That’s exactly what Corbin Clement will be doing this Saturday, June 19, with a couple of his riding buddies as they attempt an “Everesting” ride to raise money for the Samaritan House homeless shelter in Denver. Starting at Witter Gulch Road in Evergreen, the three riders will climb Squaw Pass Road to a point in Clear Creek County and ride back down the hill for over eight laps, which amounts to roughly 190 miles in distance and the equivalent of the elevation of Mt. Everest in terms of vertical climbing – hence the name “Everesting.” Their goal is to complete the feat in 20 hours or less.

Oh, and they can’t sleep. It is, indeed, just as crazy as it sounds. Those who aren’t avid cyclists might be wondering, “How in the world do you train for something like this?” 
“For training, it’s been just more or less ride as much as possible,” Clement told the Denver Catholic. “The training is structured around endurance, and that’s of course what Everesting is. It’s just a lot of peddling. So, a lot of my training so far has just been trying to ride as much as possible and ride longer high elevation rides.” 

In March, an Irish cyclist set the world record for Everesting when he completed the feat in six hours and 40 minutes. Clement isn’t trying to set a record, but regardless, it’s quite a feat to undertake, even for a seasoned athlete like him, whose pedigree includes snowboarding and rock climbing. 

“Our ride will be the same thing, but it’ll be pretty different,” Clement said. “We don’t have any sort of special bikes or super focused diet or a really regimented plan or a crew that’s very well-instructed on how we’re going to tackle this. I’ve read a couple of things to just kind of make it into a party — have friends come out to support you, get people to join you on certain laps…that’s kind of the approach we’re taking.” 

Clement has already raised $5,200 for Samaritan House, with a current goal of $8,000. This is Clement’s first year riding for Team Samaritan, but his dad, Kevin, has ridden for the team for several years. When his dad offered to give him an extra kit and uniform, Clement accepted, but didn’t want to take it without doing something help the cause. He could’ve simply opted for a nice ride in the countryside, but he chose to do something a bit more challenging.  

Corbin Clement used to experience the challenges that homeless people face on a daily basis when commuting through downtown Denver to work on his bike. This Saturday, he will raise money for Samaritan House homeless shelter by “Everesting,” a 190-mile bike ride that is the equivalent of the elevation of Mt. Everest in terms of vertical climbing. (Photo provided)

“For some reason, the Everesting idea popped into my head,” he explained. “I think it’s one of those things that has a little bit of shock value for people who hear about it. It’s certainly something that’s gained more popularity and visibility in the last couple of years with endurance athletes. I wanted to choose something that would actually be a challenge for myself and something that I’d have to work towards.”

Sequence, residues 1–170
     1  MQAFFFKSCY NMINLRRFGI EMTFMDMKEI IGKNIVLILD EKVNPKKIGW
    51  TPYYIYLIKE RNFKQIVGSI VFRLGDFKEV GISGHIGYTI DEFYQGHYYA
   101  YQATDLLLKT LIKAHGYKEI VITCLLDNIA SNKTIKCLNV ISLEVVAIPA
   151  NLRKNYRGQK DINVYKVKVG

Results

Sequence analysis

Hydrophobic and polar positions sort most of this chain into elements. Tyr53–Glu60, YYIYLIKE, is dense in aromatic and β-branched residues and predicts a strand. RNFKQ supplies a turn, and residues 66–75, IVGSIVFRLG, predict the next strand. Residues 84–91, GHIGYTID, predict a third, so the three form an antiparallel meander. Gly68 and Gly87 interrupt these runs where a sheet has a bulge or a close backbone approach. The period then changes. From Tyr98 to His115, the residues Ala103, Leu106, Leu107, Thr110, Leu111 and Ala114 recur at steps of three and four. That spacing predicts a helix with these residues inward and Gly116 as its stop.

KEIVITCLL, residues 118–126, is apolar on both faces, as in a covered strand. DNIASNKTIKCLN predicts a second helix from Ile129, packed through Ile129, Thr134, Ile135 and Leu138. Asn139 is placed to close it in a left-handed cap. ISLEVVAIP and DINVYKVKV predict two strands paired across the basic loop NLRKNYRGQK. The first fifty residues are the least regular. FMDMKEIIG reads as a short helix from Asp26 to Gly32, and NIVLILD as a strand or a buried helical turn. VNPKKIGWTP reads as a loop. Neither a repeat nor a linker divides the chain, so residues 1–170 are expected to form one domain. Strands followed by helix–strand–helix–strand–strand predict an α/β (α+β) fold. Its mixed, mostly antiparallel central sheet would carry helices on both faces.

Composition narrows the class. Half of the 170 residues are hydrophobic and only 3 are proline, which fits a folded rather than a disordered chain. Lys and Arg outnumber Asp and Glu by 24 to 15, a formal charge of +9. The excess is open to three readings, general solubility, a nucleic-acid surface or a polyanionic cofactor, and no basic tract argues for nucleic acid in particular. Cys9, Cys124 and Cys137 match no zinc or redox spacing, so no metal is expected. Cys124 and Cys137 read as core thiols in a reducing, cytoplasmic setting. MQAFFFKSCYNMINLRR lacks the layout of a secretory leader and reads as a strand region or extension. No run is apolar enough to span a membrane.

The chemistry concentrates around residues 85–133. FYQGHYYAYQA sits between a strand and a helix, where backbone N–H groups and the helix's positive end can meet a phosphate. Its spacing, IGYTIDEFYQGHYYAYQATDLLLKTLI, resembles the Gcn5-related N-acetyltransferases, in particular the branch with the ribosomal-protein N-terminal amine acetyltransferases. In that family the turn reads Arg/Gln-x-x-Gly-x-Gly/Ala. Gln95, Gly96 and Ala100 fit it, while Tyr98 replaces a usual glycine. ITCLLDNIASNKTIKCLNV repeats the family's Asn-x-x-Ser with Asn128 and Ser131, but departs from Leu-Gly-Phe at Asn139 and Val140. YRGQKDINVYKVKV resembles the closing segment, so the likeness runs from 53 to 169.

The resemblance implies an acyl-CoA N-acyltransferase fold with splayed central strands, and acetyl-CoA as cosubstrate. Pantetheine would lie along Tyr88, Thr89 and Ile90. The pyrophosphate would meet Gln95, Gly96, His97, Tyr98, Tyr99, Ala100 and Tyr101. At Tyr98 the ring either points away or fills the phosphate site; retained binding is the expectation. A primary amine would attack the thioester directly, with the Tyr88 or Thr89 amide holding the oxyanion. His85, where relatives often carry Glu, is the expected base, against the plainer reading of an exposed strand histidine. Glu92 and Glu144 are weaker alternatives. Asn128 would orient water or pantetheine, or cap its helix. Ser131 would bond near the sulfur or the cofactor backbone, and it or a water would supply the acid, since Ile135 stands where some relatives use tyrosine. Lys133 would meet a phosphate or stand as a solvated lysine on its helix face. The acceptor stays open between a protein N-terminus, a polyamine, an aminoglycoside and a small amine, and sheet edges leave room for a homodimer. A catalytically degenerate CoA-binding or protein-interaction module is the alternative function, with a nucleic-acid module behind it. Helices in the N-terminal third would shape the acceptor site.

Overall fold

Clement currently resides in Utah, but he used to live in Denver and commute by bike to work every day. During those rides to his office, which was located near Samaritan House, he would pass many homeless people and have conversations with them. This experience was also a motivating factor for his Everesting attempt for Team Samaritan. 

“It’s very different when you’re on a bike versus in a car because you’re right there,” Clement said. “If you stop at a stoplight and a homeless person is on the corner, whether or not they’re panhandling or something like that, you hear the conversations, or you’ll have a conversation with them. There are things you smell or you hear or you see that you just never would if you were in a car. So, it kind of made sense, too, with the biking aspect. It’s part of my community that I’ve lived and worked in for a very long time.” 

Clement’s Everesting attempt is one event in a series of endurance event’s he’s doing over the summer that culminates with the Leadville 100, a single-day mountain bike race across the Colorado Rockies. In that race, he will be riding to support young adults diagnosed with cancer by raising funds for First Descents.  

Both causes are near to Clement’s heart, and he said that while his Everesting attempt will be a form of “suffering,” it pales in comparison to what the homeless face day in and day out. This is ultimately why he’s riding and raising funds for Team Samaritan. 

“Any time we see a homeless person or people who have to live on the streets,” Clement said, “That is true suffering — true endurance — with no end in sight.” 

To learn more about Corbin’s fundraising efforts or to donate, click here.